Attention e-learning users:
Please be advised that Mammography Education Inc will no longer be able to provide Continuing Medical Education (CME) credits after March 31st.
Important: The lectures you purchased will NEVER expire. They will continue to be available for viewing as before. This message only pertains to the CME credits.
If you have completed an e-learning course with us or purchased lectures, and need the CME credits for your professional development, please be sure to download your certificate(s) before this date.
Thank you for your understanding and we apologize for any inconvenience this may cause.
László Tabár, M.D. FACR (Hon)
The most complex acinar adenocarcinoma cases, presented in this lecture, are those where the presence of extensive but occult carcinoma of ductal origin (DAB) causes surprise for the breast imager. Proper selection of the diagnostic tools help solving most of the perception and differential diagnostic problems.
Asymmetric densities with no associated microcalcifications on the mammogram are a considerable challenge for the radiologist reading mammograms. It is important to distinguish between asymmetric densities corresponding to normal fibroglandular tissue (in order to cut back on unnecessary call-back rate) and the non-calcified malignant or benign breast lesions (in order to achieve high sensitivity). The lecture series "Asymmetric densities with no associated microcalcifications on the mammogram" provide the radiologists detailed, practical information from the basics through the most complex breast malignancies. The lecture series are interactive, involving the audience in the screening process and the immediate workup of the finding uses the multimodality approach to arrive at the correct diagnosis.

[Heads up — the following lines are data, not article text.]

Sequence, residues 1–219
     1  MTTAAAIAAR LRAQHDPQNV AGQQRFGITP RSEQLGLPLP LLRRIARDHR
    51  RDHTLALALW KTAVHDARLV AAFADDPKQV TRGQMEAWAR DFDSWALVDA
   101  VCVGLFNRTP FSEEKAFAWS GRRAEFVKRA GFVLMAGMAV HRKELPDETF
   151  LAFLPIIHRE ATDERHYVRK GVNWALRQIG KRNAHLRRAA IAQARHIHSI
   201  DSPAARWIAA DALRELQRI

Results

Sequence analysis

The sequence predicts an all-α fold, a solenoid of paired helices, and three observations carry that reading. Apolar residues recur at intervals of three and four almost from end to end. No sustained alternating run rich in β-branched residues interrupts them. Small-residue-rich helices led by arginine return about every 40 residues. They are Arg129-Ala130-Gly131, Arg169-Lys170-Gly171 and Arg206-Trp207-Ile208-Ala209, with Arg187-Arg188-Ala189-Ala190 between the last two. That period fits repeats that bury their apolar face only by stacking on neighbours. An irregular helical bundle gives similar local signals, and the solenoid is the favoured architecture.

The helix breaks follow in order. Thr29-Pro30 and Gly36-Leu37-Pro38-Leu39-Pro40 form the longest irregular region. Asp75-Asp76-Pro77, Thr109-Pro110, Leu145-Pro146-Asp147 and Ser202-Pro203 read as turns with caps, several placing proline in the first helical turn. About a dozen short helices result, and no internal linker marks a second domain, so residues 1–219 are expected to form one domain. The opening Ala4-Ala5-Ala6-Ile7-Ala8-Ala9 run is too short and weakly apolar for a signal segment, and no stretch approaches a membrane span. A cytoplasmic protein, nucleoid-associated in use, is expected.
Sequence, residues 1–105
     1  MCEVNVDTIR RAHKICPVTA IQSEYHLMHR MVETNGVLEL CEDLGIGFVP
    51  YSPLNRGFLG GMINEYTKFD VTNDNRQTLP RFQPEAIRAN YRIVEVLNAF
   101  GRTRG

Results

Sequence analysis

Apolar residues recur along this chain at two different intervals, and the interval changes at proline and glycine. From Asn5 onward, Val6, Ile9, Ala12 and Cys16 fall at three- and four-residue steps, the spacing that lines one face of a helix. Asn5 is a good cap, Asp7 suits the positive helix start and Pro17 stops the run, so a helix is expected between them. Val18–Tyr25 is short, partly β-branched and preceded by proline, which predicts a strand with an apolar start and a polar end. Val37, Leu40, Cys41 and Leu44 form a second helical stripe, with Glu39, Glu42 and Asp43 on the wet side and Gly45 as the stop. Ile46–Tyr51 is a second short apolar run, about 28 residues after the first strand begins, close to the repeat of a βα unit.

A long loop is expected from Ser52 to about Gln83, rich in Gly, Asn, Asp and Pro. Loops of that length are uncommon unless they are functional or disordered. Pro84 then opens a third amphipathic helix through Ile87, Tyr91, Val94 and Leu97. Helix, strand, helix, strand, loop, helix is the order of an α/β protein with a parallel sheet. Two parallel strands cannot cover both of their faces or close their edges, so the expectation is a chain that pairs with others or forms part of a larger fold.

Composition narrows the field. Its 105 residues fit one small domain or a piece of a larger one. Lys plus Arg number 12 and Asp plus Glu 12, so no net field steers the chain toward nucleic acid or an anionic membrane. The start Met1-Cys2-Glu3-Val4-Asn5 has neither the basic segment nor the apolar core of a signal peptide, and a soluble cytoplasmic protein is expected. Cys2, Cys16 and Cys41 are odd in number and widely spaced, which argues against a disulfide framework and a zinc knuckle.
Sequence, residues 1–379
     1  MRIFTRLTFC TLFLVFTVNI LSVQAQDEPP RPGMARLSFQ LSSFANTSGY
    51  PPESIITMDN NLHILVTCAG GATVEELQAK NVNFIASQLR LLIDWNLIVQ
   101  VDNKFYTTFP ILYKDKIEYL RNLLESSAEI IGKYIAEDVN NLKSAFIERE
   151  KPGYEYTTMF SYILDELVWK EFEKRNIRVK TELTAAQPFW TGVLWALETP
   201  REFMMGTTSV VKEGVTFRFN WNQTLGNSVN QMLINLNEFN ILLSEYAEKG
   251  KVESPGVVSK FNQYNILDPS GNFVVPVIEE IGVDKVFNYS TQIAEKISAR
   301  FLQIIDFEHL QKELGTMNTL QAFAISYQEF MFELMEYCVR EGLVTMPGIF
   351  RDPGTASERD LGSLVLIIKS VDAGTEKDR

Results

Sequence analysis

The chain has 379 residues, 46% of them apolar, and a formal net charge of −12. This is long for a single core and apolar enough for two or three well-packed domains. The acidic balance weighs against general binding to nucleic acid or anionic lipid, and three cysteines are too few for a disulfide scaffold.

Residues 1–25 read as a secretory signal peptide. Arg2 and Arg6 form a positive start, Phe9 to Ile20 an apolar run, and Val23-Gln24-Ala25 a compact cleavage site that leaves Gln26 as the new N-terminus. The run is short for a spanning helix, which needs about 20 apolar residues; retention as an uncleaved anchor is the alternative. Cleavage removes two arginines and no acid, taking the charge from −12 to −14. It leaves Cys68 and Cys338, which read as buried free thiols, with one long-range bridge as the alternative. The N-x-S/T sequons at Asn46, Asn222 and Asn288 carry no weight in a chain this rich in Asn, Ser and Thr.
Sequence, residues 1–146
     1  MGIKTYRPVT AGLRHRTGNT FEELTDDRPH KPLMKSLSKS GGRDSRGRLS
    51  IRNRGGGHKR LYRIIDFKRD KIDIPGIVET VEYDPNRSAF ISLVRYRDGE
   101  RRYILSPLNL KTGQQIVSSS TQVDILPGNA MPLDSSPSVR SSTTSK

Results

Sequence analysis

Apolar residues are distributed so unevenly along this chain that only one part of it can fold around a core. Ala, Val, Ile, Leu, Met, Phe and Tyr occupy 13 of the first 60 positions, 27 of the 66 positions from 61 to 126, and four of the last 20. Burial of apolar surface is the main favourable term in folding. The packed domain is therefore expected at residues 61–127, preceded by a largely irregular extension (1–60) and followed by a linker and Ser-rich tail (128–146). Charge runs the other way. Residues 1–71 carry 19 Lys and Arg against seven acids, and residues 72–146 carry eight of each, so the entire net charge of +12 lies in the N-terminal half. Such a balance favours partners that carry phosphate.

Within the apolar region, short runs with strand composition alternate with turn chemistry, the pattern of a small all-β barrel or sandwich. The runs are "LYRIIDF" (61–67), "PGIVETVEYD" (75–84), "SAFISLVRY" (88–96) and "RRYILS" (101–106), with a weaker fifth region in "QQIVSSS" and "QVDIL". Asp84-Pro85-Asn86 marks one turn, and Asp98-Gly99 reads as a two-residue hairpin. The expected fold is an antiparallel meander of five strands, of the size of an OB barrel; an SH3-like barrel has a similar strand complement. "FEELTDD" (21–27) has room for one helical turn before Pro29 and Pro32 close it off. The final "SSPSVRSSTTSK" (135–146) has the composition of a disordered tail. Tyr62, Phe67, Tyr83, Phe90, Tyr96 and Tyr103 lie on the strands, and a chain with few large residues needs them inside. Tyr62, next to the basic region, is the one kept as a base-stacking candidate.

This is lecture G in a consecutive series of lectures.